From the Stars and Stripes archives
Reagan, queen saddle up for a ride at Windsor Castle
By ART BARNES | STARS AND STRIPES Published: June 9, 1982
WINDSOR, England — With more cameras grinding than when he rode off into the Hollywood sunset with Custer's cavalry, President Reagan went for a canter with Queen Elizabeth II Tuesday morning in the private Home Park of Windsor Castle.
Emerging from the royal stables, the queen and president rode a pair of sleek-coated black stallions for the scheduled hour-long trek. Prince Philip and Mrs. Reagan followed the pair in a highly polished four-person carriage drawn by four bay horses with brass decorated harnesses.
Expertly driving the carriage, Prince Philip broke away from the riders to take Mrs. Reagan on a separate route through Windsor Great Park.
The royal Master of the Horse put the president aboard an 8-year-old stallion named Centennial, a gift to the queen from the Royal Canadian Mounted Police.
The queen was riding her 20-year-old horse, Burmese, on which she rode last year at the trooping of the color when a man in the crowd fired blanks, causing the horse to bolt. Queen Elizabeth, an accomplished horsewoman who raises thoroughbreds, managed to hold her horse even though she was riding side saddle and remained regally cool.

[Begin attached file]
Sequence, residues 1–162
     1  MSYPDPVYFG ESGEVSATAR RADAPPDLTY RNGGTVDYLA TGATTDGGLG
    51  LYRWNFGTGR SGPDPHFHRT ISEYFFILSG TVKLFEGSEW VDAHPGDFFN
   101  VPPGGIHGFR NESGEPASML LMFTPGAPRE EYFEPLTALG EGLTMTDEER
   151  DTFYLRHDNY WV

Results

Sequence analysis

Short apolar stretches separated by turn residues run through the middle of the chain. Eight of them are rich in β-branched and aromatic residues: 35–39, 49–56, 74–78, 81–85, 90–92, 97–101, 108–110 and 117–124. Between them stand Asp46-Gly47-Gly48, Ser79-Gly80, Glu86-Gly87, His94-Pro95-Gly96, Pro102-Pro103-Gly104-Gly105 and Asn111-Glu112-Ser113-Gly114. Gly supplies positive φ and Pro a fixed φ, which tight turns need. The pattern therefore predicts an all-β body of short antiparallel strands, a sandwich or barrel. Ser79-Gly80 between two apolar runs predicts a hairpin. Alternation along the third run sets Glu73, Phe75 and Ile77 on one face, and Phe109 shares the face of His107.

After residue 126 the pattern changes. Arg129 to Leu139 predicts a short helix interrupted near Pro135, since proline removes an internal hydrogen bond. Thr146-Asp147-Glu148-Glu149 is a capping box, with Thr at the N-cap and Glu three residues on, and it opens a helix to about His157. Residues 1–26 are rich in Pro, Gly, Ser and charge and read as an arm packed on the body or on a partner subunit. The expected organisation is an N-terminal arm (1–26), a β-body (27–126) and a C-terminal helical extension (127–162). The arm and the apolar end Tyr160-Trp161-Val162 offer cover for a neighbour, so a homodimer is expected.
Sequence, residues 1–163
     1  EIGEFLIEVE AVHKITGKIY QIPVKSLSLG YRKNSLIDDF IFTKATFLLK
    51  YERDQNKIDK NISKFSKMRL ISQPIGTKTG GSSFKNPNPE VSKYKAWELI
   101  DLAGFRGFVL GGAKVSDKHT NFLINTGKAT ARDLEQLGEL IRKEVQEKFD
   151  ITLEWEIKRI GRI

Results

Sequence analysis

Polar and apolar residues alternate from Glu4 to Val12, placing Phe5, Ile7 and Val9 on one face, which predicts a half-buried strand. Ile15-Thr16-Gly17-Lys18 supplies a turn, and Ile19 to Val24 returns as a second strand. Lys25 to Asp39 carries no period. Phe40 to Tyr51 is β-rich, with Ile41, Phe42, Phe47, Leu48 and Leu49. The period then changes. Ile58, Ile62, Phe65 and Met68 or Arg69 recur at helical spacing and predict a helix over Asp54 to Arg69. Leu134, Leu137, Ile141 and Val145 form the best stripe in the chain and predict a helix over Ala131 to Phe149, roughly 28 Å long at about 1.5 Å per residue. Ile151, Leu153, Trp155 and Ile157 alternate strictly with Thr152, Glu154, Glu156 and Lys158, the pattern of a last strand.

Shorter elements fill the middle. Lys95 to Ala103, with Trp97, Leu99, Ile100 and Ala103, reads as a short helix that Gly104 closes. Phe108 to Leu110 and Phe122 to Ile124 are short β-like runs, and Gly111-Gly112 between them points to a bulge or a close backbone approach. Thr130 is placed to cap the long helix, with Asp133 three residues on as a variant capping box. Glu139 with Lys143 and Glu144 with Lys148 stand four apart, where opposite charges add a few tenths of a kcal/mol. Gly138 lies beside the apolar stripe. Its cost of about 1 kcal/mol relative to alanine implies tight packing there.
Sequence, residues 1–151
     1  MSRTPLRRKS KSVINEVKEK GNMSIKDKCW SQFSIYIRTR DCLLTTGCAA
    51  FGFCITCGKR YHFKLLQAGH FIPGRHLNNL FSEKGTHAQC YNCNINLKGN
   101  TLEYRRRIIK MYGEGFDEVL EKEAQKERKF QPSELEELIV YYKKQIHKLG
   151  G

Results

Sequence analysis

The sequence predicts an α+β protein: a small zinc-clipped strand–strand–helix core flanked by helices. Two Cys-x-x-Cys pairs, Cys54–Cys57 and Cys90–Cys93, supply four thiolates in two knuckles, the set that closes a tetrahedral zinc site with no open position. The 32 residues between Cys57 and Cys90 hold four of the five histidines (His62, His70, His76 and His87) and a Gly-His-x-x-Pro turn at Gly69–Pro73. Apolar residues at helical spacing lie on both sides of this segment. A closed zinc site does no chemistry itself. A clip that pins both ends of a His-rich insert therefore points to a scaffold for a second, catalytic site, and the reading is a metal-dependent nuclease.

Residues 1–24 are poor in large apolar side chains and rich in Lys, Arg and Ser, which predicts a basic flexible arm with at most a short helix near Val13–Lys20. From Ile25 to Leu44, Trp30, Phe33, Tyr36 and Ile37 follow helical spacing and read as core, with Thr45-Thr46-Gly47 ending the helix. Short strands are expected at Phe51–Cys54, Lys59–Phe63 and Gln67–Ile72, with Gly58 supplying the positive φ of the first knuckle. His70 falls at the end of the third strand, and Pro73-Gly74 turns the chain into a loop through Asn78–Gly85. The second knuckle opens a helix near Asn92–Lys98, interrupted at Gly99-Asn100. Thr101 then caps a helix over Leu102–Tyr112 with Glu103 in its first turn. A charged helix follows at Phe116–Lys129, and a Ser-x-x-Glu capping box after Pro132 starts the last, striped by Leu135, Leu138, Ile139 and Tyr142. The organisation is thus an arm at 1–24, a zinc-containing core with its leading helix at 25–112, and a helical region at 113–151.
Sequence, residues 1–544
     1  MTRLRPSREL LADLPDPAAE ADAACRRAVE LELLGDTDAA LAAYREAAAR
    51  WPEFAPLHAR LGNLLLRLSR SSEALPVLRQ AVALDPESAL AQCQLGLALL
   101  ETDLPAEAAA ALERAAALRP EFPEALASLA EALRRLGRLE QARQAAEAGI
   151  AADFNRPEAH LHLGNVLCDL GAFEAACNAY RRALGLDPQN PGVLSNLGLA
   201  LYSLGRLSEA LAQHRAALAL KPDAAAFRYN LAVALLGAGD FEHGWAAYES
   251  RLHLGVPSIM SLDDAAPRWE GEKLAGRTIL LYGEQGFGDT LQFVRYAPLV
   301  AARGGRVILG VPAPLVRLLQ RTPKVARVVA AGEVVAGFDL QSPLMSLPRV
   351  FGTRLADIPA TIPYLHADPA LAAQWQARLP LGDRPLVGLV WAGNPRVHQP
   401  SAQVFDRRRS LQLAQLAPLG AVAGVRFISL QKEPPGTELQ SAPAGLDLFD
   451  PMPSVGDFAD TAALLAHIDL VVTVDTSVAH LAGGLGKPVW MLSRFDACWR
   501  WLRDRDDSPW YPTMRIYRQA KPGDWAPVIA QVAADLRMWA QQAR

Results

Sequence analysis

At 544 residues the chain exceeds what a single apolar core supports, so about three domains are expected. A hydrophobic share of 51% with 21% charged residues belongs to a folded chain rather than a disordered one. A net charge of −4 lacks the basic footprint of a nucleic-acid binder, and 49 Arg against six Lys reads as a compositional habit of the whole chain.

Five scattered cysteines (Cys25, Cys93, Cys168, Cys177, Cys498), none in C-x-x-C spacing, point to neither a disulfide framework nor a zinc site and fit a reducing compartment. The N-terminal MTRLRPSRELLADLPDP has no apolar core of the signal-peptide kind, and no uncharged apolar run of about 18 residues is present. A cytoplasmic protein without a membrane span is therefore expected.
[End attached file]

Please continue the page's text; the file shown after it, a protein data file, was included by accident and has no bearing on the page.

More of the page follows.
Reagan, riding high in a British saddle he specifically asked for, was decked out in a snappy tan riding suit with a formal jacket, which is unusual for him.
The queen chose a tweed hacking jacket, jodhpurs and a head scarf, forgoing the formal attire and side saddle of more official occasions.
After a 30-second photo session with the White House and European press corps, the party set off into a midmorning mist for the eight-mile trot — with the inevitable security men also on horseback.
Joking with reporters, Reagan made a gesture as if he were going to bound over the fence holding them back and said, "Better get out of the way. I'm going to ride on over."
The hour-long ride was modest by the royal standards of this establishment, where Mad King George III used to keep his weight down by doing 80 miles a day and even rotund Queen Anne, who had to be hoisted on pulleys into the saddle, was good for 50 miles.
Several hundred tourists peeked through the park gate at the most unusual riding party to come out of the West since Buffalo Bill brought his troop to Windsor to perform for Queen Victoria.